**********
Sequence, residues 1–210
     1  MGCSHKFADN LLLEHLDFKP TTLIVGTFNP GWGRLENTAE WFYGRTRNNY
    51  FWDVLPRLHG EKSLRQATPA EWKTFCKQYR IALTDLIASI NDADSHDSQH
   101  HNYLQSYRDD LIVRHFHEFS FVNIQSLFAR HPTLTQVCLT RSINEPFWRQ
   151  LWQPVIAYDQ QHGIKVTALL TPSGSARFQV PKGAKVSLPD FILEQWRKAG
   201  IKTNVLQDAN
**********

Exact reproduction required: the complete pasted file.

Sequence, residues 1–210
     1  MGCSHKFADN LLLEHLDFKP TTLIVGTFNP GWGRLENTAE WFYGRTRNNY
    51  FWDVLPRLHG EKSLRQATPA EWKTFCKQYR IALTDLIASI NDADSHDSQH
   101  HNYLQSYRDD LIVRHFHEFS FVNIQSLFAR HPTLTQVCLT RSINEPFWRQ
   151  LWQPVIAYDQ QHGIKVTALL TPSGSARFQV PKGAKVSLPD FILEQWRKAG
   201  IKTNVLQDAN